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Home | LBO News | Sacral Stress Fractures: Raising Awareness as a Possible Differential Diagnosis

Sacral Stress Fractures: Raising Awareness as a Possible Differential Diagnosis

Sacral Stress Fractures: Raising Awareness as a Possible Differential Diagnosis

London Bridge Orthopaedic spinal consultant Mr Bahram Fakouri discusses the ‘rare’ sacral stress fractures.

Stress fractures occur more commonly in female runners and military workers. These fractures typically manifest unilaterally, affecting the bones of the lower limb. However, stress fractures rarely arise in the sacral bone. Sacral stress fractures can go undiagnosed for a long time due to similarities to other conditions, such as sciatica. It is important that differential diagnosis is carried out when symptoms have not improved over time.

What is the Sacrum?


The sacrum is a triangular-shaped bone located at the base of the spine and formed by the fusion of 5 sacral vertebrae. The sacrum forms joints with four other bones and is anatomically inserted between the two hip bones to support the spine.

What is a Stress Fracture?

Stress fractures are caused by repeated, rather than sudden, mechanical stress and are classified into two distinct groups: insufficiency and fatigue. These occur when structurally weak bones are subjected to normal physiological stress and normal healthy bone is not able to endure excessive load.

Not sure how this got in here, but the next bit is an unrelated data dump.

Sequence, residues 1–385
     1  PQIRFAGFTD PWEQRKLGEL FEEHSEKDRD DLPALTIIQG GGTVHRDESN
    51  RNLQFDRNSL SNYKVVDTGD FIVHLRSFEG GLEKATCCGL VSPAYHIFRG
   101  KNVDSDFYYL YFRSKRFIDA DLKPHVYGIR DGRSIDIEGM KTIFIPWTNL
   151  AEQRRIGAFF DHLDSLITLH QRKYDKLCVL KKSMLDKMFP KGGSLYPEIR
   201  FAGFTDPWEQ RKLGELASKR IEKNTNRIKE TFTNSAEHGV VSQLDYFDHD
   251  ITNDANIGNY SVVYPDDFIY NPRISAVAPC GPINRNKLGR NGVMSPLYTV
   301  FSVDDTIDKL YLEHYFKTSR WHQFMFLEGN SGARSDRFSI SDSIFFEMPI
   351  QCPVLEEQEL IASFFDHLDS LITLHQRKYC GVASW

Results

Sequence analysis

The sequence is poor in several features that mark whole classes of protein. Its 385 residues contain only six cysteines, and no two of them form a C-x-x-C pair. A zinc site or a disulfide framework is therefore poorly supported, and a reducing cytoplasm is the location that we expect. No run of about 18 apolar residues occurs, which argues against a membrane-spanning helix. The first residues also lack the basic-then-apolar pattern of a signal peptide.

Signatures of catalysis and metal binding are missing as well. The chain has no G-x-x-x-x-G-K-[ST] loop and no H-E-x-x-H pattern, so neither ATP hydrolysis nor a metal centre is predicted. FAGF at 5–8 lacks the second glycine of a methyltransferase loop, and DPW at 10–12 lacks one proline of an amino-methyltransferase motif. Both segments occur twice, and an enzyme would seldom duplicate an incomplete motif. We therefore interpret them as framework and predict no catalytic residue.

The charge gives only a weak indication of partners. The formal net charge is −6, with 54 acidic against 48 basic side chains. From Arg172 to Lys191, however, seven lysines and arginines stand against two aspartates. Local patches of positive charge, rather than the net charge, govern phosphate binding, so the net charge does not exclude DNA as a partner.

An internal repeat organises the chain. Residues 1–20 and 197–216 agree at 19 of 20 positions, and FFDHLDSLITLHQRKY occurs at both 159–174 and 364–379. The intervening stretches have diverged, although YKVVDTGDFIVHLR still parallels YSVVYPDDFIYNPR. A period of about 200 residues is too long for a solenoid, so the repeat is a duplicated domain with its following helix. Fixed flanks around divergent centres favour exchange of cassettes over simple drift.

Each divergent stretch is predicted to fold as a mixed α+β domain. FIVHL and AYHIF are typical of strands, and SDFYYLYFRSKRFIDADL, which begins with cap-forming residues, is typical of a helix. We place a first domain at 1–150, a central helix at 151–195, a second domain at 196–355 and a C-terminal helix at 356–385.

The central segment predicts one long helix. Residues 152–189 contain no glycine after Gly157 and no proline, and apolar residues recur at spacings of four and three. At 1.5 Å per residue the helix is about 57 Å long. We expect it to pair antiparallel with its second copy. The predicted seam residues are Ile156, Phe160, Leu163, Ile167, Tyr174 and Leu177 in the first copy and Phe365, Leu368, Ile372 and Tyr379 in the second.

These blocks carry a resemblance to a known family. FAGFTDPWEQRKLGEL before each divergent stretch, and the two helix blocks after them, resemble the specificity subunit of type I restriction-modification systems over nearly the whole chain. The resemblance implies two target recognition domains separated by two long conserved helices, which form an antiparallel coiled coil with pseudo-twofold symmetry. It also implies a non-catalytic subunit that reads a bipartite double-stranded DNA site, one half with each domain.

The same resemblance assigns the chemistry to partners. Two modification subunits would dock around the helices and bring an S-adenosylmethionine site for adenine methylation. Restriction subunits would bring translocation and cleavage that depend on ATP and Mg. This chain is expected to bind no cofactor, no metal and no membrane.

Fatigue stress fractures are often misdiagnosed because patients can experience pain which is similar in nature to mechanical low-back pain and, in these circumstances, the prognosis worsens as an easily manageable stress fracture can potentially advance to a complete fracture.

What Causes a Sacral Stress Fracture?

The exact underlying pathological mechanism for the development of sacral stress fractures has been difficult to determine. Nonetheless, existing theories are based upon Wolff’s Law. This establishes that progressively repetitive micro-traumas stimulate bone reconstruction. The sacrum acts as the foundation at which majority of the upper body’s vertical forces converge. The persisting stress does not allow enough time for the new bone to develop. Consequently, the bone structure weakens at the site, eventually advancing into a stress fracture.

How is a Sacral Stress Fracture Diagnosed?

An accurate differential diagnostic process requires a high degree of clinical suspicion and a thorough elimination process. This is because a diverse range of conditions can mimic the symptoms of a sacral stress fracture, most commonly sciatica.

Further diagnostic imaging is required to be certain of a sacrum stress fracture by utilising an MRI. Bone scans are the most sensitive imaging technique which can potentially reveal irregularities within 6-72 hours after the onset of symptoms, compared with 12 weeks for x-rays. Both CT and MRI are regarded as more specific and the resulting images are considered diagnostic may fail to detect a bilateral sacral fracture.

Treatment of a Sacral Stress Fracture

In the early stages of management, adequate control of pain relief with NSAIDs drugs, such as ibuprofen, can resolve patient’s symptoms and prevent the risks associated with long periods of immobilisation.